RIVER FALLS, Wisc. – As General Motors CEO Mary Barra prepares to head to Capitol Hill this week for another grilling, she will likely face tough questions about how a crash investigation here was seemingly ignored for seven years -- even though it revealed the ignition problem now linked to more than a dozen deaths and the recall of millions of cars.
“It’s mind-boggling,” said Ken Rimer, the stepfather of Natasha Weigel, one of the crash victims. “They had the information and it just sat there.”
The wreck in October 2006 was horrific. After losing power, a Chevrolet Cobalt veered off a lonely rural road in St. Croix County, went airborne and smashed into a telephone box and two trees. The air bags did not deploy.
Two teenagers died. Amy Rademaker, 15, was the front seat passenger. Weigel, 18, was in the back. Neither was wearing a seat belt. The 17-year-old driver was seriously injured -- but survived.
At first, the crash was like many others Wisconsin State Trooper Keith Young had investigated over the years. His career in law enforcement spanned three decades. In his 20 years as a crash reconstructionist, he toiled on more than 260 cases.
But this one turned out to be different.
According to Young’s crash reconstruction report dated February 14, 2007, he inspected the vehicle’s sensing and diagnostic module -- its so-called “black box” -- and noticed the ignition was in the “accessory” position before impact. He confirmed this by looking at the key position on the vehicle.
"It appears that the ignition switch had somehow been turned from the run position to accessory prior to the collision with the trees," he wrote.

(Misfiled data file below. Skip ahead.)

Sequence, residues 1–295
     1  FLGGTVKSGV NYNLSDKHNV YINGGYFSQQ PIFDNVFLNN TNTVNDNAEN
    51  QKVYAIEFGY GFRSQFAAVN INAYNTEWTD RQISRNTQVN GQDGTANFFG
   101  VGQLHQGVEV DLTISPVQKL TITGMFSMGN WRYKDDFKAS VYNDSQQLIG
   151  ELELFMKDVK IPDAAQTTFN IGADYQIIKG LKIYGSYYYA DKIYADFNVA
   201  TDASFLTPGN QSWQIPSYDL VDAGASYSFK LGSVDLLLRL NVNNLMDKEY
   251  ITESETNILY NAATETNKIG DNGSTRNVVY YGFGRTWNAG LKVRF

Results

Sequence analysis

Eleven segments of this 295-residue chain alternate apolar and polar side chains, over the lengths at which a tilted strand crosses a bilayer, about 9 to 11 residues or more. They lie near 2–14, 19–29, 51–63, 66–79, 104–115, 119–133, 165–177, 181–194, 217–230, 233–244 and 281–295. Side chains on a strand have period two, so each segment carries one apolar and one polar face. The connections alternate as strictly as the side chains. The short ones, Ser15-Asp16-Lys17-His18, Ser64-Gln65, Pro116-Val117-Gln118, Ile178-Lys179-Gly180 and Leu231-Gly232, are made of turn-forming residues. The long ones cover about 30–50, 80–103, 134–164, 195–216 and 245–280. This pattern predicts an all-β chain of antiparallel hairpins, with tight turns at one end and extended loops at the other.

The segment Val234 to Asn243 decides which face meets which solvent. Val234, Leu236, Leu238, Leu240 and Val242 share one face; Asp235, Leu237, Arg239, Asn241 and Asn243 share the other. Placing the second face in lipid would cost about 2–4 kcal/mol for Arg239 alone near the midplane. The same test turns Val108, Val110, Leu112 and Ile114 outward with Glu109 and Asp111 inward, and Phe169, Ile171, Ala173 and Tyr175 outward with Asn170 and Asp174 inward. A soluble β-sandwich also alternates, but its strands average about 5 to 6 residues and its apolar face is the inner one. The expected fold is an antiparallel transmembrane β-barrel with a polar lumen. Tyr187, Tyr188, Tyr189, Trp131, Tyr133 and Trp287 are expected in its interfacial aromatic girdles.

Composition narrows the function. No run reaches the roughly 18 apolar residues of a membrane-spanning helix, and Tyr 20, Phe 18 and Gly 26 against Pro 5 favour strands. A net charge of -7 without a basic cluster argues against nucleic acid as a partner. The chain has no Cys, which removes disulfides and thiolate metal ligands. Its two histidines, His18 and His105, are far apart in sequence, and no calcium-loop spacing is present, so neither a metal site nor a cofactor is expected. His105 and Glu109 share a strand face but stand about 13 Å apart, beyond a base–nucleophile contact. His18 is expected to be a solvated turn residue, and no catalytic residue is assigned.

As he investigated further, he went to a local GM dealership and found a service bulletin on the 2005-2007 Chevy Cobalts, which described how it was possible for drivers to accidentally turn off the ignition by jarring the key.
He also noted that a search of the National Highway Traffic Safety Administration (NHTSA) web site revealed five complaints of 2005 Cobalts turning off while driven, three of which “talk about the knee or leg touching the ignition or key chain causing the engine to turn off.”
That’s the same problem now officially linked to at least 13 deaths, 54 crashes, and the recall of 2.6 million cars worldwide, including Cobalts, earlier this year.
His findings are now in the national spotlight after GM’s internal investigation by former U.S. Attorney Anton Valukas cited them as one of the most frustrating examples of the company’s failure to act sooner.
“(GM) would not learn of the Wisconsin state patrol report UNTIL THIS INTERNAL INVESTIGATION BEGAN (emphasis mine),” Valukas’ report blared, “even though the report had been sitting in GM’s own files since 2007.”
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‘I Thought It Was Taken Care Of’
Young -- a second generation trooper who is now retired -- was sitting with his wife at the kitchen table in February when they saw the first reports of the recall on the news.
“I immediately thought of the St. Croix County crash,” he said.
Back then, he’d told a representative from NHTSA about his findings.
Young said he spoke to a NHTSA representative from Indiana in November 2006 about his initial findings, meeting with him in person in Wisconsin. Shortly thereafter, he says he sent the same contract investigator data from the car’s sensory and diagnostic module showing the ignition was in the accessory position at impact.
“I thought it was taken care of,” he said.
But apparently it wasn’t.